You are digitally literate until you realise you aren’t.
You have purchased your first tablet and don’t know how to ‘copy and paste’ text into a document. You have been playing Words with Friends for the last three months without knowing it includes a built-in dictionary. You ignore text messages from friends because you don’t know what all the abbreviations and pictures mean.
You think you are digitally literate. Until you aren’t. You think you are doing your best work. Until you aren’t. How do you know if you are? Who or what do you rely on to make sure you are?
While there will always be ‘just in time’ learning opportunities below, are three ways in which you can assess your level of digital literacy fluency. All tests are free and upon completion suggest a learning plan to enable you to master the topics covered by the test.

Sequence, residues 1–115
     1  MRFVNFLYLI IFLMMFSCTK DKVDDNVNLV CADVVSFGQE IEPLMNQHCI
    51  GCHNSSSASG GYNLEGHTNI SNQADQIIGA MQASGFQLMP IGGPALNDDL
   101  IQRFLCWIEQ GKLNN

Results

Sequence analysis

- The Future Edge Digital Literacy Challenge tests your digital strengths and weaknesses for today’s job market. There are 15 questions covering computer fundamentals, digital etiquette, searching, Word, Excel and digital communication.
- Microsoft has a Digital Literacy Certificate that takes approx 30-60 minutes to complete. It consists of 30 questions covering computer basics, productivity programmes, computer security and privacy, and digital lifestyles.
- Test Your Digital Literacy Fluency from Library Intelligence assesses your digital literacy against library related competencies. It consists of 24 questions covering social bookmarking, digital communication, Creative Commons, online content curation, personal learning environments, online safety, digital rights and critical thinking.
Why not give one or more a go to see whether you’re a master (or mistress) of digital literacy. Let me know how you go in the comments below.